500

Stage & Screen

Actor and Rapper
2016 was a busy year for Riz Ahmed who appeared in both the new Bourne and the new Star Wars, played a leading role in acclaimed HBO series The Night Of and released a new album Cashmere under his pseudonym MC Riz as part of rap duo Swet Shop Boys. Ahmed was born in Wembley to Muslim Pakistani parents and won a scholarship to public school Merchant Taylors’, going on to study at Oxford. His breakout role came playing a would-be suicide bomber in the BAFTA-winning Four Lions in 2010.
Actress
Since she first rose to fame playing Agent Dana Scully opposite David Duchovny’s Mulder in ten seasons of The X Files, Gillian Anderson has become a darling of British stage and screen, and has lived in London since 2002. After an award-winning performance as Blanche Dubois in Streetcar at the Young Vic, Anderson reprised her role in The Fall for a third series in 2016. Her forthcoming projects include a television adaptation of Neil Gaiman's American Gods and the film Andorra with Toni Colette, Guy Pearce and Joanna Lumley.
Chief Executive, BAFTA
One of the most influential people in the British film industry, Amanda Berry has been chief executive of BAFTA for 16 years. After just a year in charge she made the shrewd decision to stage the BAFTA awards before the Oscars, ensuring they were no longer overshadowed by media hype from across the pond. Berry backed the BAFTA Blackout protest in 2016, admitting that there is a lack of diversity in the British film industry, which the academy hopes to address. 2017 sees the awards ceremony move from the Royal Opera House to the Royal Albert Hall.
Co-Chairmen and Producers, Working Title Films
Founded by Tim Bevan in 1983, Working Title has made over 100 films, grossed over $6 billion worldwide and won eleven Oscars and 38 BAFTAs. Eric Fellner joined Bevan as co-chairman in 1992 and the pair are responsible for such beloved British films as Four Weddings and a Funeral, Love Actually, Billy Elliot and The Theory of Everything. Bridget Jones’s Baby was its stand-out success in 2016, outperforming competition from Disney and Pixar to take £46 million at the box office. World War II film Darkest Hour, starring Gary Oldman as Winston Churchill, is due for release at the end of 2017.
Actress
Golden Globe winner Emily Blunt first took up acting to help her overcome a childhood stutter. She was spotted at the Edinburgh Festival and made her professional debut on stage in The Royal Family opposite Judi Dench, but it was her performance as uptight assistant Emily in The Devil Wears Prada that put her on the international stage. 2016 saw Blunt take on the role of divorced alcoholic Rachel in The Girl on the Train and she will star as Mary Poppins in a 2018 remake of the film. Blunt is married to American actor and writer John Krasinski and the couple have two daughters.
Director and Choreographer
Matthew Bourne’s latest production The Red Shoes, an adaptation of the 1947 film, marks the 30th anniversary of his dance company, which has staged groundbreaking interpretations of classic stories such as Lord of the Flies, Edward Scissorhands and Dorian Gray. He remains best known for his all-male Swan Lake, which transferred from Sadler’s Wells to the West End and then Broadway, where it ran for an unprecedented four months. A self-confessed Strictly Come Dancing fan, Bourne himself danced professionally for 14 years from the relatively late age of 22, giving his last performance in Swan Lake on Broadway.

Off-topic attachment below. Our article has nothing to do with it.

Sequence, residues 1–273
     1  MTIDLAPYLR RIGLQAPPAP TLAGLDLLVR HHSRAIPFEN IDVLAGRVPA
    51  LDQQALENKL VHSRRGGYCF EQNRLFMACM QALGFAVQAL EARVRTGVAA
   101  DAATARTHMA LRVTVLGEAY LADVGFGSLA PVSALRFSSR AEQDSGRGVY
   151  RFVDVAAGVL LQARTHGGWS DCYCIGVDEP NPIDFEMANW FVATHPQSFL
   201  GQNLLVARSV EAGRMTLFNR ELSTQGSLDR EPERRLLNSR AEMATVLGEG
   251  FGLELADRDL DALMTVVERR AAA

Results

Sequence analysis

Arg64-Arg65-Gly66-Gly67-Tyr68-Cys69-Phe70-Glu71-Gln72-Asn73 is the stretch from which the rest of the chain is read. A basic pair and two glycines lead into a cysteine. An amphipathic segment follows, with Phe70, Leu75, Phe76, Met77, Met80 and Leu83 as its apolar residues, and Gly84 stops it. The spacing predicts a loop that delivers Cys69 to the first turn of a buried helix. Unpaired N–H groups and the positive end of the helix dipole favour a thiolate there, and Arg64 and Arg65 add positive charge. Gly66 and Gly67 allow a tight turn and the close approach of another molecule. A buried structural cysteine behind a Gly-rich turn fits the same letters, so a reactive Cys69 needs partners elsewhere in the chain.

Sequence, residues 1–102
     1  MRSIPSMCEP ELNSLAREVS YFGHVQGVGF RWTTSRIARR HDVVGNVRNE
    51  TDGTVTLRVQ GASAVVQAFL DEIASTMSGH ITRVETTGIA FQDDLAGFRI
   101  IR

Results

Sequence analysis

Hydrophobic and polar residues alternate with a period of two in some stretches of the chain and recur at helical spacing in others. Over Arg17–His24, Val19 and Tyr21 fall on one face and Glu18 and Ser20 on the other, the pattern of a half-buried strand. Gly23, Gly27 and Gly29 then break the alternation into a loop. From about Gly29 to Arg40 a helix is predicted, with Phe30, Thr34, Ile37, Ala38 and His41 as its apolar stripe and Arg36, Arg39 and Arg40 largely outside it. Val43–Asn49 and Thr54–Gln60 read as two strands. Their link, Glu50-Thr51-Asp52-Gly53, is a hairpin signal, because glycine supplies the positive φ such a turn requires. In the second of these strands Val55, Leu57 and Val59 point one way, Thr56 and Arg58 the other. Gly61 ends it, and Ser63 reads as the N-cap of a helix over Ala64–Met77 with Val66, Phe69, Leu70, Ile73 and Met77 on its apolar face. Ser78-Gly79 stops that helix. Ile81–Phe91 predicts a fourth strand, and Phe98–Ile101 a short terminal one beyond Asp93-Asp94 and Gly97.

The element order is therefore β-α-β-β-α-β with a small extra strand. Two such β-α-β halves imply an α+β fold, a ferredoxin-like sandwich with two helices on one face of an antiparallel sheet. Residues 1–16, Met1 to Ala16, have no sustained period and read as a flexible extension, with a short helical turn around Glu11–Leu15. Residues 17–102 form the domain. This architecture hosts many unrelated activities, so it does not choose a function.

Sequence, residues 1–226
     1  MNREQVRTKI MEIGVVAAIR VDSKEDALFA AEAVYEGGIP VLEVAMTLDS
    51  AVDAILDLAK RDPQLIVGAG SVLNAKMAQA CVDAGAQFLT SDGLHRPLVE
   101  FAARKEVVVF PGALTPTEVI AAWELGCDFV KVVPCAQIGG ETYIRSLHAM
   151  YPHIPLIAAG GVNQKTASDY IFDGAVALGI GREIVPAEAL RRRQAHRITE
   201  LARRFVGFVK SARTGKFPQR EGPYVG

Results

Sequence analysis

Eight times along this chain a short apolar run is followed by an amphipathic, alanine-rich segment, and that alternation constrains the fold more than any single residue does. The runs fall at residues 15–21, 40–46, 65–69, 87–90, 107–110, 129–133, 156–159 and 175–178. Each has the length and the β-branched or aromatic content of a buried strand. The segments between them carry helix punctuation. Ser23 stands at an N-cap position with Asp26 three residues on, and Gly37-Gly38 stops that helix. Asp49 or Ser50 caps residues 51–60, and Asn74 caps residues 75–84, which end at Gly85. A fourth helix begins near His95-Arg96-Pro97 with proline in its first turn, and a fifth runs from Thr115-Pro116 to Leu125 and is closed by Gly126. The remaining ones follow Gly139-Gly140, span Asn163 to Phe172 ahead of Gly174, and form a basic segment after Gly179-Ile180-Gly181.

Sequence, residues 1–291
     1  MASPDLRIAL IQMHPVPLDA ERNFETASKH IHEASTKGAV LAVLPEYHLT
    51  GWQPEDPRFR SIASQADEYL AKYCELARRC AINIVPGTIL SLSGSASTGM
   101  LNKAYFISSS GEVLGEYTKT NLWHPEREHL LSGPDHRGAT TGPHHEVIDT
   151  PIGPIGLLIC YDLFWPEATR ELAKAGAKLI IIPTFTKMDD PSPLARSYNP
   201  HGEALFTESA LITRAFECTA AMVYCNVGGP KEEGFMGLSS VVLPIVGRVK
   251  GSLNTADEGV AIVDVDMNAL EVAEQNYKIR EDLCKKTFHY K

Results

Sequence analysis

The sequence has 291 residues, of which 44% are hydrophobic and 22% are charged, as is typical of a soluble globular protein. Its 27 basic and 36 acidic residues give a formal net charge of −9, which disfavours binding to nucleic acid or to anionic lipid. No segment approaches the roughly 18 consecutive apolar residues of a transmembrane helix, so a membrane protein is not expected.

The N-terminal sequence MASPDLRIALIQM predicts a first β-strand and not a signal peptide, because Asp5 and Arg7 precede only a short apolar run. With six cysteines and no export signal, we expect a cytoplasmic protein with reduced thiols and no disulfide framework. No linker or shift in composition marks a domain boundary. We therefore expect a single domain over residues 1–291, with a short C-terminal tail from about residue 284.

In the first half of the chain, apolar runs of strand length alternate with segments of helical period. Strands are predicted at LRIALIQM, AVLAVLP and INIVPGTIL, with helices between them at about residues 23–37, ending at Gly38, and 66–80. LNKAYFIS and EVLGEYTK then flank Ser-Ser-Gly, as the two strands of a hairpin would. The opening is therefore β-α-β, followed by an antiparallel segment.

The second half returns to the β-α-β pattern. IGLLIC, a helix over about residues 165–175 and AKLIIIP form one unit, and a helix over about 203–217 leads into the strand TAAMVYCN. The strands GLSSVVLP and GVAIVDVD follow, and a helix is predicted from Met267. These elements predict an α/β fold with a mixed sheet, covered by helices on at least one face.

Director, Actor and Producer
Sir Kenneth Branagh has variously turned his hand to acting, directing and producing, reaching legend status in the world of stage and screen. 2015 saw Branagh reprise his role of Swedish detective Kurt Wallander in the fourth BBC series of Wallander as well as the release of the Branagh-directed box office hit Cinderella, which grossed $542 million worldwide, becoming his highest-grossing film to date. In April 2015, Branagh formed the Kenneth Branagh Theatre Company and announced his plans to run a season of five shows at the Garrick Theatre in London's West End. It was also announced in October that he would be the new president of the Royal Academy of Dramatic Art, succeeding the late Lord Attenborough.
Actor
In 2016 Benedict Cumberbatch took on the role of Marvel’s Dr Strange in the film of the same name, with follow-up Thor: Ragnarok due in 2017. For many of his fans, however, he remains most closely associated with the BBC’s Sherlock, for which he won an Emmy, and which returned for a fourth series on New Year’s Day. Cumberbatch attended LAMDA and has worked extensively on stage as well as screen. His 2011 performance as Frankenstein with Jonny Lee Miller won an Olivier and a Critics’ Circle Award, and he was named Best Actor at the 2016 Whatsonstage Awards for Hamlet.
Actress
Olivia Colman came to prominence playing Sophie in Channel 4's Peep Show, a role she sustained for 12 years and 32 episodes. Her versatility across television and film, comedy and drama, has seen her compared to her Iron Lady co-star Meryl Streep, who has described her as ‘divinely gifted’. Colman’s three BAFTAs include Best Actress for her performance in Broadchurch, while her role in 2016’s The Night Manager gained her an Emmy nomination. 2017 sees Colman voice the part of Strawberry in an animated remake of Watership Down.
Director and Producer
Perhaps best known for directing 2001 hit film Billy Elliot, Stephen Daldry is also director and executive producer of six-season Netflix vehicle The Crown, whose glowing reviews have justified its lavish cost. Daldry also directed the musical version of Billy Elliot, which ran for eleven years in the West End and won five Olivier awards and 10 Tonys. In 2012, Daldry was creative lead for the Olympic and Paralympic ceremonies and has directed refugees in the Calais Jungle as part of the Good Chance Theatre project. His revival of An Inspector Calls runs until the end of March.